Wrapping Your Brain Around DPI
A lot of people seem to have trouble wrappng their brains around the concept of dpi. OK, it can be confusing. Let's see if this can help.
Part of the confusion is that creating on a computer is very different from use tools such a pencil, brush or pen.When we create using tools that put down pigrment we never think in terms of dpi. The image is the size we create it. We know that our tools (pen, palette knife, pencil, brush, etc) and our medium (ink, pastel, watercolor, oil, etc) influence the image, but we still never think in terms of dpi, we still think in terms of what size our image is.
Your image isn't any size in inches when it is in your computer. It is electronic. It consists of a file that with instructions as to the placement of dots of color. That's it. Those instructions can go to a printer, or to your computer screen.
A printer creates an image by laying down dots of color. We define the quality of the image by how small those dots are. The smaller the dots, the better the image quality. We describe the size of the dots by how many fit within a defined area. dpi=dots per inch. An image that is 300 dpi is made up of dots sized so that 300 dots fit inside an inch. An image that is 200 dpi is made up of dots sized so that 200 dots fit inside an inch. The dots at 300 dpi are smaller than the dots at 200 dpi.
Not quite sure you have the concept?
Get yourself a handful of M&Ms (candies). Put them on a piece of paper in nice rows each touching one another. Maybe use 10 M&Ms wide and 5 M&Ms high.
Now get yourself a bag of Oreos (cookies) - or maybe two bags. Do the same thing. You can see that it takes fewer Oreos to cover the same space. Arranging the Oreos 10 wide by 5 high results in a MUCH larger area being covered. There are also bigger gaps between the cookies than there are between the candies.
All that is important right now is that you understand that:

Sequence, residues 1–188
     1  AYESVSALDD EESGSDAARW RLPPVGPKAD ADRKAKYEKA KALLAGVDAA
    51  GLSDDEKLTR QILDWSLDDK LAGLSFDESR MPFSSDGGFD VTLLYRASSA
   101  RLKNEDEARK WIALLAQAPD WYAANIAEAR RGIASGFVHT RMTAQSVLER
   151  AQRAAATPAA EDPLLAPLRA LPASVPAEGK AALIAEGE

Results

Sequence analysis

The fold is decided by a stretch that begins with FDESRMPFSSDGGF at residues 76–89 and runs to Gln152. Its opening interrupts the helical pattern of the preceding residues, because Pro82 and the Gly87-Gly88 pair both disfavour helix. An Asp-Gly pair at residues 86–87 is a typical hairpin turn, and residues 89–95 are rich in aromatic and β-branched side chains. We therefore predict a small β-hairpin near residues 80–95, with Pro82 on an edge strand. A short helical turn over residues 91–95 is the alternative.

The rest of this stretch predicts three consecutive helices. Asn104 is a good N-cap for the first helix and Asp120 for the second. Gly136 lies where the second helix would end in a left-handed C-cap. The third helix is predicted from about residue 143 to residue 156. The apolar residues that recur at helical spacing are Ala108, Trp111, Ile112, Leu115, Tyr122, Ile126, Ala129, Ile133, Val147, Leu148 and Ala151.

- smaller dots require more dots to cover an inch, larger dots require fewer dots per inch.
- your image on the computer screen is made up of dots
- your image when printed is made up of dots
- the dots when printed are smaller (M&Ms) than the dots on the computer screen (Oreos)
- therefore when you look at the image on the computer screen it will look larger than when it is printed.
When you create an image on the computer you are creating a set of instructions that says to lay down dots of color in the pattern you create. You are not yet saying how large to make those dots.
The size of the dots can (and will) change between the computer and the printer. Your computer screen is not capable of showing you dots at the rate of 200 per inch. Typically it will be 72 dots per inch (or pixels per inch), sometimes 96 ppi (pixels per inch) or dpi (dots per inch). So even if your image program says it is showing 300 dpi, it is not. All it is doing is showing you an approximation of what the image will look like when printed at that rate.
Lets try another exercise. Draw a square 6 inches by 6 inches. Fill that square with your Oreo cookies. Count them. Now count out the same number of M&M candies. You can't fill that square because you don't have enough M&Ms. It takes more because they are smaller. So when you create an image the question you need to answer is how many dots of color do I need to cover the area I want? The answer to that is provided when you are told the number of dots that it will take to cover an inch. In the CafePress environment that could be between 100 dots per inch and 300 dots per inch.
When you are planning to create an image for a specific product you want to make sure it is the right size. For example, if you want to use the entire image area on a CafePress® T-shirt you want to cover an area of 10 inches by 10 inches. You know that when your image is printed it will be printed as a series of dots. Smaller dots make a better quality image. It takes more small dots to cover an inch. So when you create your image make sure you have enough of those dots to cover the area you want. 10 inches times 200 dots per inch equals 2000 dots. So you want your image to be 2000 dots wide by 2000 dots high. That is the same as 2000 pixels by 2000 pixels.